Letter to parishioners, 26 February 2022

Saturday, 26 February 2022

Dear Friends in Christ,

On Wednesday we will begin our Lenten journey. We will enter that season of penitence, prayer and reflection which will lead us towards the crucifixion and then, through death, to the joy and victory of the resurrection.

For centuries it has been the custom of faithful Christians to mark the days of Lent with fasting and a greater devotion to spiritual discipline. In more recent times the concept of giving something up for Lent has been devalued as it has become associated with the ‘giving up’ of minor luxuries, a deprivation that is rooted in a self-serving desire for self-cleansing and weight loss! Our challenge, as we enter Lent 2022, is to look at how we can use this time to the best advantage of our communities and the world in which we live.

We are living through troubled times. Our news reports have moved from the probity, or otherwise, of our political leaders, to the far more serious threat of war. As we read our newspapers, listen to our radios and watch our televisions we come face to face with naked aggression and ruthless political ambition. For some, this serves of a chilling reminder of times past … times that we hoped would never come again. For others, it is all distant and not connected with the reality of our daily lives. But … that which confronts us on a daily basis is real … it is happening right now … we are seeing the lives of real, innocent people destroyed because of the militaristic ambitions of a few people who seem to  have turned their backs on the true message of Christ’s incarnation, crucifixion and resurrection.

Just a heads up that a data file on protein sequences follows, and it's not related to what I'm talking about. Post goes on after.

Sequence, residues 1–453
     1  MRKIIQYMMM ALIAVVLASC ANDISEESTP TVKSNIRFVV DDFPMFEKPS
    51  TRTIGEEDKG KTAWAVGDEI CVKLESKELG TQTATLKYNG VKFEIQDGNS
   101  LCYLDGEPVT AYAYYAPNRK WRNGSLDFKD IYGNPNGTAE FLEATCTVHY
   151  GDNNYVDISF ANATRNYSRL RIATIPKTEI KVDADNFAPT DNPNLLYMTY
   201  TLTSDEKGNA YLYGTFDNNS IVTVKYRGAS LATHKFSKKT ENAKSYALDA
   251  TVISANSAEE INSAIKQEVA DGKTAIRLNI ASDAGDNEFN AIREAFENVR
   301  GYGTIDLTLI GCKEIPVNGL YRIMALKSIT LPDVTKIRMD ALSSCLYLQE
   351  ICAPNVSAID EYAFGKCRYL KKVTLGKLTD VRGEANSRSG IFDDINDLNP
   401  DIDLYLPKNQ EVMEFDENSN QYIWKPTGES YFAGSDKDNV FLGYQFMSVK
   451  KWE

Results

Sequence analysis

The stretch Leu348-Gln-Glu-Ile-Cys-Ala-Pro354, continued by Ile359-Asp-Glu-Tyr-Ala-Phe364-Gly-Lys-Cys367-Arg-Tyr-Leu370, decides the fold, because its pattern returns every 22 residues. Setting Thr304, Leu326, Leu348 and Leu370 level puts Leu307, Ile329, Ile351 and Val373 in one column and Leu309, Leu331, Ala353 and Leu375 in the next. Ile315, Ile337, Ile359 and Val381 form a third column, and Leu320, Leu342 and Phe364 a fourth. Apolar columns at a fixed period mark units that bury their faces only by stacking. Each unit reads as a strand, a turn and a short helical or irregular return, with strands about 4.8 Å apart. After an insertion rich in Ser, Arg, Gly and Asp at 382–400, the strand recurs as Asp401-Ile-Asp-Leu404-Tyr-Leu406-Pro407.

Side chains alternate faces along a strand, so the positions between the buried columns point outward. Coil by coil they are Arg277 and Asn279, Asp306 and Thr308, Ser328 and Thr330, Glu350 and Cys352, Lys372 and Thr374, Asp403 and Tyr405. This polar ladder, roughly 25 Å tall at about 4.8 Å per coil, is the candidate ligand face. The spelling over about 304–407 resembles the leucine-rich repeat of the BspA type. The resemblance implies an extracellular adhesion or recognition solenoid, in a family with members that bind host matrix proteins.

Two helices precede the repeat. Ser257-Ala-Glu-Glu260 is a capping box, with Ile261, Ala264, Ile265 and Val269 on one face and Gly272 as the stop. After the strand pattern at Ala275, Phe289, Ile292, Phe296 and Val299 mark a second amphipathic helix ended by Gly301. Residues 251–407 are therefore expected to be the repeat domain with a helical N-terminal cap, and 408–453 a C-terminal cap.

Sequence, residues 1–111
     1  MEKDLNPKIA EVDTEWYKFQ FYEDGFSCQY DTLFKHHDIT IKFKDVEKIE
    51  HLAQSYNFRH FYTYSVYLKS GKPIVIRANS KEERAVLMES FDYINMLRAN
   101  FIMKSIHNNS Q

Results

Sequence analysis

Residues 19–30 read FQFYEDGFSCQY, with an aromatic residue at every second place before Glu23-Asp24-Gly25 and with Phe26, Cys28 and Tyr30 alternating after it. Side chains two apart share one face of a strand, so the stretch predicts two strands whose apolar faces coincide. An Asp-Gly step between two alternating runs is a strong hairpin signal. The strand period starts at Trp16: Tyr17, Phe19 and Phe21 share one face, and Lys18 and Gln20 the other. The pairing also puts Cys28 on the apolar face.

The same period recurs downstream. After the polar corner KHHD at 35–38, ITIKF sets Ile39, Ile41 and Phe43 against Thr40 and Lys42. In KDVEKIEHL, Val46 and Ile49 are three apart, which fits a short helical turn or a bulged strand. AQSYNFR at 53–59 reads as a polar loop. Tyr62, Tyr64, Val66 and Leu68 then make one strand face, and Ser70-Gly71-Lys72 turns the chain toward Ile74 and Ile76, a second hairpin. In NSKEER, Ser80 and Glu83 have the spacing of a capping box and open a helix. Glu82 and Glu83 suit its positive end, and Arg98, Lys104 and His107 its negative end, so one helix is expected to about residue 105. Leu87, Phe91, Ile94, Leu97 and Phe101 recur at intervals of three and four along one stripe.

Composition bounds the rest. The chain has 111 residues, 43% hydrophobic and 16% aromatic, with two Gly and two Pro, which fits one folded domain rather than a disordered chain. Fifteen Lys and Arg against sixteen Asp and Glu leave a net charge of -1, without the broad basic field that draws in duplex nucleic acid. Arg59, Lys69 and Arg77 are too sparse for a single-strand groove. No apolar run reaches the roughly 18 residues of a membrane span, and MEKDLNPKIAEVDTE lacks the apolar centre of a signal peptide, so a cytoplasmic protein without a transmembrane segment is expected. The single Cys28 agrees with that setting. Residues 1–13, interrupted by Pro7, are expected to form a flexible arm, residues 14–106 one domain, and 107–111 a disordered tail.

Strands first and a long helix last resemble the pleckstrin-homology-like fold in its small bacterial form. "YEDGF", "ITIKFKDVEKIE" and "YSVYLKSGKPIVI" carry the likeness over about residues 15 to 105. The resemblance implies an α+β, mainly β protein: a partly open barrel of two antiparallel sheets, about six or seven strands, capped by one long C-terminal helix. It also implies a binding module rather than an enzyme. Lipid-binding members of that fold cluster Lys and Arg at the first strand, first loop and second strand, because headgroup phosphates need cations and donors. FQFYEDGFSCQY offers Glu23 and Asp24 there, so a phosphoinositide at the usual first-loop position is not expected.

The question which confronts us as we begin our Lenten journey is: ‘What can we do? What difference can we make?’

We can begin by renewing our commitment to prayer and worship. We are reminded in this week’s gospel (Luke 9:28-36) of the moment when, before his final entry into Jerusalem and the events of Holy Week and Easter, the divine glory of Jesus was revealed as he stood on the mountain in the company of Moses and Elijah. This moment of Transfiguration was also the time when the voice from heaven said: This is my Son, my Chosen; listen to him! The command of God is to listen to the teachings of Jesus, the Christ. The most effective way of obeying that command is a pattern of regular prayer … prayer in which we speak to God, and in which we listen to God.

Praying and listening is not the whole story, however. We are also called to bring the risen, ascended and living Christ into the lives of others. That is best achieved by recognizing the call to serve in Christ’s name. Lent is not just about self-serving self-sacrifice, it is also about adopting a new pattern of life which sees us shining the light of Christ into the darkest corners of this world.

It is my prayer that our Lenten journey in these challenging and dangerous times might be a journey of renewal, life and light … a journey that will show others just how much our faith really means to us; a journey that will be life-changing for all.

With every blessing to you all,

Revd Stephen